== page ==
AUGUST 27, 1932  

LOS VARMINTS TRES — With great humor, Signal Editor A.B. Thatcher recalled how local W.P. Domm had a run-in with three varmints on the same night. On his way to pick up relatives in Santa Paula, Señor Domm hit a coyote crossing the old road to Ventura. He nearly missed one coming back. When he started to pull into his garage at home, Domm was greeted by a recalcitrant skunk who refused to vacate the premises. Domm started chucking pebbles, which only caused the polecat to turn toward the North Pole and spray all that was behind him. I’ll let “Dad” Thatcher finish the tale: “Finally, Mr. Domm, tiring of the direct attack, called a council of war, and reinforcements were called for. Deputy Sheriff Steve Bell, gathering an arsenal of weapons, hurried to the seat of combat. After a survey of the enemy’s position, he selected a rifle, and opened fire. Unfortunately for the besieged, he was just changing position, and exposed his head, at which Mr. Bell let go a volley. That ended the struggle — but the odor still remained. The causalities were one wash tub permanently injured, and one skunk entirely defunct.” 

NOT SO MUCH THE SPEED THAT KILLS. IT’S THE LANDING. — When sheriff’s deputies Story and Pember pieced together the last few seconds of three Los Angeles motorists, they deduced the trio must have had one final, horrific ride. From eyewitness accounts, forensic evidence, and skid marks, they deduced that a speeding car went over the edge of the Ridge Route, a few miles north of the old Owl Garage in Castaic. They estimated the car flew more than 100 feet in the air, then fell about 1,000 feet straight down. The three inside were dead and then some. 

I’D KILL TO HAVE THAT ANTIQUE POLO SWEATER — The first-ever official local polo game was played on this date, 90 years back. The Placeritas squad of Hall of Fame cowboy Andy Jauregui and Western movie star Buzz Barton (a Newhall Elementary grad) played the Newhall team of local rodeo impresario “Cowboy” Bob Anderson and Bill Hart in a six-game chukker. Newhall won, 7-6.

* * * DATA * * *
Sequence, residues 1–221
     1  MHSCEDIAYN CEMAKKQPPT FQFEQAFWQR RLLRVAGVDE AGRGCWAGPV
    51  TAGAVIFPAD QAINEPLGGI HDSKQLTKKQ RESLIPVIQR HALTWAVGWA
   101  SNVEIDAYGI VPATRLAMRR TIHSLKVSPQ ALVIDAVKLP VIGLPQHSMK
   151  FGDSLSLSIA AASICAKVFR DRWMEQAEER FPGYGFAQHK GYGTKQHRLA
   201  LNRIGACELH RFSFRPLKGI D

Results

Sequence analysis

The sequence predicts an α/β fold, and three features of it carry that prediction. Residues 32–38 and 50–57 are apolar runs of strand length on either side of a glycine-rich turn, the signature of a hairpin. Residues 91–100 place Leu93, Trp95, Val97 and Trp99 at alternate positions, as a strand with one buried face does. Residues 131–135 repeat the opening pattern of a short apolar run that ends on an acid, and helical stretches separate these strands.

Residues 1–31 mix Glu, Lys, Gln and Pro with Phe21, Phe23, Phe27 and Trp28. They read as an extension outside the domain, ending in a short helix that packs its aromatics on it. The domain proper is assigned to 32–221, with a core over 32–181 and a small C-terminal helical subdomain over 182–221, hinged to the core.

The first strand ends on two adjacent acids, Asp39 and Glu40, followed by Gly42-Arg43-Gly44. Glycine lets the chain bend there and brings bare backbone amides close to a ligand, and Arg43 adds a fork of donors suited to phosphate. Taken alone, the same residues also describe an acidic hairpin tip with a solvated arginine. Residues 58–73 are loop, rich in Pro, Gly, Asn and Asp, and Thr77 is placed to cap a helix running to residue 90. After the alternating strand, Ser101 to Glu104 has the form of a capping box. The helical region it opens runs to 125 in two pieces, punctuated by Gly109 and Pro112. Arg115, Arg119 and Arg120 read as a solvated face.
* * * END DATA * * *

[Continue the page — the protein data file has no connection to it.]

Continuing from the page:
AUGUST 27, 1933  

THE SILENT ANNIVERSARY — This is one of the most significant dates in SCV history and few folks realize it. This was the day that the tall, menacing, no-monkey-business businessman, Atholl McBean, was elected president of The Newhall Land & Farming Co. Had not McBean been crowned top dog, most of the SCV would have been sold off. In later years, instead of the planned urban community most of us enjoy and curse today, this valley would have probably been developed willy-nilly like the Palmdale or San Fernando Valley areas. Tip of the Stetson to McBean, his vision and strength. 

AUGUST 27, 1942  

AND NOPE. THEY DIDN’T DELIVER. — The men folk had signed up to fight in World War II so all who were left at the Fox Ranch in Castaic were women. The gals got together with some lady neighbor friends, held a dinner, and painted a new sign for the spread. Over the front gate of the newly named homestead was the greeting, “Welcome to Amazon Ranch.” 

AUGUST 27, 1952  

KEEP YOUR EYES ON YOUR FRIES — Before the Jan Heidt Metrolink Station rested where it is today on Railroad Avenue, it was the site of the old Newhall Train Depot. You pretty much need a legal pad, a series of maps, and a bunch of pushpins to follow, but here goes. The ORIGINAL Newhall Train Depot was built when Newhall (1876) was actually in Saugus (where the Saugus Café sits today). The original town of Newhall then moved — everything — to around where 6th and Main sits today — in 1878 — including the Newhall Train Depot. Southern Pacific closed the station down in the 1930s and it was used as a potato packing shed and warehouse for years. Every August and September was potato harvesting season.  Hundreds of thousands of spuds were sorted, cleaned, sacked, and thrown — not into freight cars — but trucks. The run-down Newhall Station burned to the ground on Jan. 11, 1963. Hoboes camping inside had started a fire — on the wooden floor — to keep warm. Within minutes, it was ashes.